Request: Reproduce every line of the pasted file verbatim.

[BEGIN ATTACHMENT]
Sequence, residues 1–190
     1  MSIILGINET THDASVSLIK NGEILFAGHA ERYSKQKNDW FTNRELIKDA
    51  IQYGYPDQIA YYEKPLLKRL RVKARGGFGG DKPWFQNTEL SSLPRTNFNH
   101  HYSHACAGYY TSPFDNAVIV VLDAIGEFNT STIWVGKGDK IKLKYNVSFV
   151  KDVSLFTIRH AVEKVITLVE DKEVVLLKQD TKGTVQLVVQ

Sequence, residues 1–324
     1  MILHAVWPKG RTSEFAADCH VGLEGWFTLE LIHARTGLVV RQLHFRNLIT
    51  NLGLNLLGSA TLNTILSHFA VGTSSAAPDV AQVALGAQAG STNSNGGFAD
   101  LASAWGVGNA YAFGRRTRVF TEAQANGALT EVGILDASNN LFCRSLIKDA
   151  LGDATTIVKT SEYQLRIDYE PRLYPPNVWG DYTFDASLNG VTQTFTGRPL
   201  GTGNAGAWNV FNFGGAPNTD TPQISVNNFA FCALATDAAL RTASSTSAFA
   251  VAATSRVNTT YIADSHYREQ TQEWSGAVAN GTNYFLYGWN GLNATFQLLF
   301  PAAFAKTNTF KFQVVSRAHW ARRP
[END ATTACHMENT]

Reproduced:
Sequence, residues 1–190
     1  MSIILGINET THDASVSLIK NGEILFAGHA ERYSKQKNDW FTNRELIKDA
    51  IQYGYPDQIA YYEKPLLKRL RVKARGGFGG DKPWFQNTEL SSLPRTNFNH
   101  HYSHACAGYY TSPFDNAVIV VLDAIGEFNT STIWVGKGDK IKLKYNVSFV
   151  KDVSLFTIRH AVEKVITLVE DKEVVLLKQD TKGTVQLVVQ

Sequence, residues 1–324
     1  MILHAVWPKG RTSEFAADCH VGLEGWFTLE LIHARTGLVV RQLHFRNLIT
    51  NLGLNLLGSA TLNTILSHFA VGTSSAAPDV AQVALGAQAG STNSNGGFAD
   101  LASAWGVGNA YAFGRRTRVF TEAQANGALT EVGILDASNN LFCRSLIKDA
   151  LGDATTIVKT SEYQLRIDYE PRLYPPNVWG DYTFDASLNG VTQTFTGRPL
   201  GTGNAGAWNV FNFGGAPNTD TPQISVNNFA FCALATDAAL RTASSTSAFA
   251  VAATSRVNTT YIADSHYREQ TQEWSGAVAN GTNYFLYGWN GLNATFQLLF
   301  PAAFAKTNTF KFQVVSRAHW ARRP